AnalysisCommercial NewsRetail property

A diversified property portfolio pays

By Thabang Mokopanele

Shopping centre performance over almost five years to the end of the first quarter of 2023 has underscored the value of a diversified retail property portfolio in countering the impact of social and economic headwinds.

This emerges from the latest Clur Shopping Centre Index.  The index is derived from The Clur Report, an asset management industry standard, tracking performance for listed and unlisted property funds at more than four million square metres of prime retail space in over 100 centres across SA and Namibia.

The Clur Shopping Centre Index for All Centres closed Q1/2023 at an annualized trading density of R39,355/sqm.

“Even though the period saw a further expected fall off in growth in trading densities, this is an increase of 10,1% year-on-year, beating the March consumer price index (CPI) by 3%,” says Belinda Clur, managing director of Clur International which produces the report. “This represents a 1,7% contraction from the updated 2022 full year growth of 11,8%.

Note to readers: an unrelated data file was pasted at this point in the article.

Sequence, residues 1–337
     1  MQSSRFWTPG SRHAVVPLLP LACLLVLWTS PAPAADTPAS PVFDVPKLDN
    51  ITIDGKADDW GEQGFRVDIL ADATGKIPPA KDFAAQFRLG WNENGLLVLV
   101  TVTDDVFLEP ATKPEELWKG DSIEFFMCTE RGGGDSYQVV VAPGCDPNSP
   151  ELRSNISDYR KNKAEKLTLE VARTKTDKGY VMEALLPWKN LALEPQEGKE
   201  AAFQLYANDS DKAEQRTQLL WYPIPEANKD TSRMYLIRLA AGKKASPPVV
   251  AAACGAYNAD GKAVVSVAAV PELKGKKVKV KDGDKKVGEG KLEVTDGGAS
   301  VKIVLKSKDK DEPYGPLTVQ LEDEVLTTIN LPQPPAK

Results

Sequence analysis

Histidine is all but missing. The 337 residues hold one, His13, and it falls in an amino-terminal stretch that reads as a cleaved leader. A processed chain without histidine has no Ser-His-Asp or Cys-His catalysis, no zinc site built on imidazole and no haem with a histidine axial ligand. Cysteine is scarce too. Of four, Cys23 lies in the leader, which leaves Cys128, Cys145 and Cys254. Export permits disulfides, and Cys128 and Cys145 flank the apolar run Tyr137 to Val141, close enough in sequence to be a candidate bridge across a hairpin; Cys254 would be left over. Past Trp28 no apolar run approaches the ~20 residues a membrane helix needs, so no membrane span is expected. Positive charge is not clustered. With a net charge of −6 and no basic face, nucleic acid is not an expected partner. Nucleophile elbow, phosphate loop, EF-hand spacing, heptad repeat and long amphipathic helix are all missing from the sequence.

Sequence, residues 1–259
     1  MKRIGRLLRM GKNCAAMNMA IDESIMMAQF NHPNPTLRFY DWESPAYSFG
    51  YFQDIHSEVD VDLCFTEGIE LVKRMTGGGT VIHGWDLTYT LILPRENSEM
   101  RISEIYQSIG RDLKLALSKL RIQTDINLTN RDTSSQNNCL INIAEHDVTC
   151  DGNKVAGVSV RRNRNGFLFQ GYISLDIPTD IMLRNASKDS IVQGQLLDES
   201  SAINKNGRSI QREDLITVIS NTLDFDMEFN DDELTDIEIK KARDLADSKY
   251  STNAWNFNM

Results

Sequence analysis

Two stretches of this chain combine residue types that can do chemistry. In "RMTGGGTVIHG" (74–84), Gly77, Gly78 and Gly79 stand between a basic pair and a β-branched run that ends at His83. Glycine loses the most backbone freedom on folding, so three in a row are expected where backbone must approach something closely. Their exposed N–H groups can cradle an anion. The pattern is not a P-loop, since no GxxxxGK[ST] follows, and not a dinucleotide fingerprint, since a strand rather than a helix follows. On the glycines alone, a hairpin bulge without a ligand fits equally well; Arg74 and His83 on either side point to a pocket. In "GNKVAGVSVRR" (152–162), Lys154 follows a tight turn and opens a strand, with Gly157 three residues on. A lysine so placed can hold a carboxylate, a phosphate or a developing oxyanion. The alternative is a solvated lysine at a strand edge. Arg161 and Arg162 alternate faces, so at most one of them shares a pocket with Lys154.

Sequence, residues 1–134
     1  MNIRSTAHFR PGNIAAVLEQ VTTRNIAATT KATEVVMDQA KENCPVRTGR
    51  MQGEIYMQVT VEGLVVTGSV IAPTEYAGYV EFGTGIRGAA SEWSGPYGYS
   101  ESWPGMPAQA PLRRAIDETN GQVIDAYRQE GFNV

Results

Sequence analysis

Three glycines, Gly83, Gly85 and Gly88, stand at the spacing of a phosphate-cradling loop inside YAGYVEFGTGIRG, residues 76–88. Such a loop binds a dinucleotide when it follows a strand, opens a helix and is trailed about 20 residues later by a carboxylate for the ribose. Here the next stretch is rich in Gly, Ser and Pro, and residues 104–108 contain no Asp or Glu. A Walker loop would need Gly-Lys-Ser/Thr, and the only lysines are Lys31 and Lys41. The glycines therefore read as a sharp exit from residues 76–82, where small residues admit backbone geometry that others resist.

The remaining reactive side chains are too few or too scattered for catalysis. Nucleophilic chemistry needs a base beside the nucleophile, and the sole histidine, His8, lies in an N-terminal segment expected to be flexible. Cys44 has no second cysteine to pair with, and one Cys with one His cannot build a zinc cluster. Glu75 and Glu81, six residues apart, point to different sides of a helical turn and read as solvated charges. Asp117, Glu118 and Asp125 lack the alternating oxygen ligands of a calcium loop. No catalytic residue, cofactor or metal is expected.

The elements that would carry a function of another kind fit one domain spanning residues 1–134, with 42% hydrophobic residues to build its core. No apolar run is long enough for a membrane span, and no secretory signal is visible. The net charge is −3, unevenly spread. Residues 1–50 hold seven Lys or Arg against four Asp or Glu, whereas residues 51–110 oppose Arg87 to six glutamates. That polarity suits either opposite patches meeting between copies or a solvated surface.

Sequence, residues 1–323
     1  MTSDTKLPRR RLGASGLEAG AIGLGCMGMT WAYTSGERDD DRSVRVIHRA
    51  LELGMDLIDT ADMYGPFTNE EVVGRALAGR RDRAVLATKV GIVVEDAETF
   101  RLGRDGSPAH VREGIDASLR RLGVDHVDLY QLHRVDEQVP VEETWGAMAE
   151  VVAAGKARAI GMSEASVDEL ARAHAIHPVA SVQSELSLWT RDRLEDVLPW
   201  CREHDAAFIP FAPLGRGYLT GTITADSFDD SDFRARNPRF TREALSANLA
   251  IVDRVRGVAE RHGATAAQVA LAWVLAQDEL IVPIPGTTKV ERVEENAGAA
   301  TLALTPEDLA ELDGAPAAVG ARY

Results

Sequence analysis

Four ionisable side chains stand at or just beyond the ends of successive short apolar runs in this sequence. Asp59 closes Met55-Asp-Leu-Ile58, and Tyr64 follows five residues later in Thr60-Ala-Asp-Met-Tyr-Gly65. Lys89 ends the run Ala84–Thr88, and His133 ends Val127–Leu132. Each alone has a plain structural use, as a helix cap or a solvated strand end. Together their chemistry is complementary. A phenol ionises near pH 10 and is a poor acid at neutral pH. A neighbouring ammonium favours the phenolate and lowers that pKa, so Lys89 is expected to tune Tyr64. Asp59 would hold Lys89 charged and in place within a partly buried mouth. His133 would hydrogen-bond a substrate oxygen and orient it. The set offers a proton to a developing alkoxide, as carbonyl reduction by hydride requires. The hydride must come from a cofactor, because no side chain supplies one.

“Larger centres have maintained the highest trading density levels since mid-2018,” she says. “These centres, which fell the furthest during the 2020/21 downturn continue to perform well, with super-regional centres recording the steepest climb in trading density levels. Smaller centres, which showed a stronger growth trend during the downturn, have consistently improved their growth position.

“What is clear is that as we move through economic and property cycles, a diversified portfolio is beneficial to weather all seasons. We see this in the interaction of centre sizes, geographic locations of centres, rural versus metro mixes of portfolios as well as in category mixes. All of these show differing strengths at different times as we move through life’s ups and downs and economic cycles. And we certainly saw this in the interplay between larger and smaller centres during the Covid era.”

We again see this differing behaviour between larger and smaller centres during the first quarter.”

Clur said an overall positive movement in annualized trading density y/y% growth had been evident since May 2018, returning to negative territory in April 2020, hitting a low of -7.7% in February 2021, and moving back into positive territory in July 2021. The 2022 year closed at +11.8%, having hit a new high of +12.6% in August 2022.

She cautioned that the gap between CPI and annualized trading density y/y% growth, which showed a converging trend over 2021, and widened on a relative basis over 2022, has again converged during the Q1/2023 contraction.

She called for retail property assets to be judged on the basis of their own quality, positioning and performance, and not to be so dominated by country macro-economics when it comes to understanding market depth and dynamics and international and general investment decision making.